Note: see separate article for bike sizing (also includes saddle height) which also has a significant impact on your position.
A couple of good reasons to spend some time thinking about the best riding position when you go out for a ride:
- Sitting in an aerodynamic position on your bike is a more efficient and cheaper way to improve your performance than spending thousands of pounds on lighter road bikes each year.
- Sitting comfortably will enable you to cycle further and faster. Ever done a long ride and found yourself with back and shoulder pain at the end? It inevitably slows you down if you are suffering.
And a reason not to bother so much:
- Riding in an aerodynamic position, with your head down and back flat, is more like hard work - for your back, your neck, and for your legs which don't work so efficiently when you are bent over. It also restricts your breathing.
If your goal is to have a pleasant relaxing ride through the countryside, forget about speed and aerodynamics and just enjoy yourself!
Good cycling position - comfortable AND aerodynamic
This is always a trade-off between comfort and performance, so unless you are in a time trial race you will usually find a ride incorporates both 'positions' - hands on top of the handlebars (on the brakehoods), and hands in the 'drops'. Since aerodynamics are less important at lower speed and when you are going uphill, you will rarely have your hands in the drops for these.
(Exception: sometimes specific strength training is planned, involving going uphill in a low gear with your hands in the drops, in order to build strength for riding faster on the flats).
For both positions, your hands should be the same distance apart as your shoulders - if you are broad or your handlebars too narrow you will experience discomfort.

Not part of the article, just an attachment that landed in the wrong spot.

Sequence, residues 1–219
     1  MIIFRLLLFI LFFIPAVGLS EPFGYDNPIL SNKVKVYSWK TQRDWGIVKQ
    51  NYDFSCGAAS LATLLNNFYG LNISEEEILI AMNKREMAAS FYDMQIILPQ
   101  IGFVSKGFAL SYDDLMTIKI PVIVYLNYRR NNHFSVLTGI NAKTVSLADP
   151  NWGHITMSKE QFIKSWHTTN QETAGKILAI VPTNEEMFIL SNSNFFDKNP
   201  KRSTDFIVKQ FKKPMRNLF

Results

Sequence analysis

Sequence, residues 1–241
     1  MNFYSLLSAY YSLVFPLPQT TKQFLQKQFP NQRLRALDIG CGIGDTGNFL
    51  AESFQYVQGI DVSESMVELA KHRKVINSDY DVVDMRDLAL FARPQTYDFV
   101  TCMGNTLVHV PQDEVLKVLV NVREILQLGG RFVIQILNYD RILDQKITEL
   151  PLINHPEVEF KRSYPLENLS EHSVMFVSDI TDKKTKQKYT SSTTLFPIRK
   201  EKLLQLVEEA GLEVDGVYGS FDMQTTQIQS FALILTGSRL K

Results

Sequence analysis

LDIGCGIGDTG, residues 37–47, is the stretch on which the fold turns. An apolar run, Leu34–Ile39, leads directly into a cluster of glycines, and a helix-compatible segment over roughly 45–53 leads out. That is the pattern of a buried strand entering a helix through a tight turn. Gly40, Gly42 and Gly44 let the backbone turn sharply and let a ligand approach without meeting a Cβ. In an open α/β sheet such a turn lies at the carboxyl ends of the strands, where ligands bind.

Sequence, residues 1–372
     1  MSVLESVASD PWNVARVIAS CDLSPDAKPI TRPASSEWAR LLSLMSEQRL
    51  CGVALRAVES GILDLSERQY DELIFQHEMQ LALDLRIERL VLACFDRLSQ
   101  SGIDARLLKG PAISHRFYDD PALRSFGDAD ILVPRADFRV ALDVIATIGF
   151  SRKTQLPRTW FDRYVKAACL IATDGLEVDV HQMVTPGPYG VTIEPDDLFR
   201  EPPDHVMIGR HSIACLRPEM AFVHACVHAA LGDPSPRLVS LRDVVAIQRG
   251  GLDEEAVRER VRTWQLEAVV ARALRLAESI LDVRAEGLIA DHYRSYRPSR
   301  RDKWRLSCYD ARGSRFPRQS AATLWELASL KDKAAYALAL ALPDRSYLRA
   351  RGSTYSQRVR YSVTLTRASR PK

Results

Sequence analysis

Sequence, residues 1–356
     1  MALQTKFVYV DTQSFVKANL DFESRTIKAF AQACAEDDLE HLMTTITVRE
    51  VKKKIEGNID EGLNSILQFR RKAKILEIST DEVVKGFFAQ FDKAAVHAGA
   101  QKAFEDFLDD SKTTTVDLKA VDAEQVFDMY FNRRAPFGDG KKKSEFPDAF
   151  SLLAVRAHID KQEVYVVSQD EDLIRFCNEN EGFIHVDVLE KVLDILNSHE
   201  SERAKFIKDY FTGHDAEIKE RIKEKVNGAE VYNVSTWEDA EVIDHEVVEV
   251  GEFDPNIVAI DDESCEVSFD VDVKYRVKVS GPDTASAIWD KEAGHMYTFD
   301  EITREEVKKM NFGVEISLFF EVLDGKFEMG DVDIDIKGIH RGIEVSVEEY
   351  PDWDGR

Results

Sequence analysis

Your arms should be relaxed and your hands should be holding the handlebars quite gently. Tense arms will become tired much more quickly and less efficient at controlling the bike. Your arms are not supposed to be supporting the weight of your upper body when you cycle or they will tire very quickly and you will be unstable.
When your hands are in the drops your lower arm should be roughly horizontal, and your elbows tucked in to your body, to further improve aerodynamics. Get it right and this position does 'feel' faster and more professional - and more like hard work.
Think about your cycling position every so often while cycling along. Have you moved forwards on the saddle without realising (very common)? Are your shoulders becoming hunched?
There is little advantage in taking the technique of cycling in the drops too far. The benefits of forcing yourself into an ever lower and flatter postion are much smaller (and more painful) beyond a certain point. You need to be able to hold the position in some degree of comfort rather than fighting for the extra 1% of aerodynamic advantage.
The most important element is to adjust things slowly. You can get used to riding long distances, even in the drops (assuming your bike is the correct size for you and setup properly), but it will take time to get used to. Don't try changing bike setup and postion too quickly - all changes in setup and riding position should be introduced gradually over a period of a few weeks.
A few aches and pains are to be expected during the training, bad pain is not! If you have significant knee, hip or back pain revert your bike settings to how they were before the pain started and make the changes differently or more slowly, if at all.
During the bike ride regular changes of position, neck shrugging, arm stretching etc will provide a great deal of relief - try not to stay locked in the same position for too long.
Standing up cycling
The main exception to the suggestions above is when you are cycling standing-up. This can happen either for short bursts up hill or in a sprint finish.
For these position comfort and aerodynamics are less of a consideration. You will be deliberately pulling up on the handlebars with each downstroke to increase force.
The standing-up cycling position is very efficient for short-sharp bursts, and occasionally simply because a change of position eg while going up a hill, can provide the opportunity to use different muscles for a moment, allowing others to recover. But it does use energy much faster than 'sitting down cycling' so it is better to avoid the habit of standing up riding for all hills.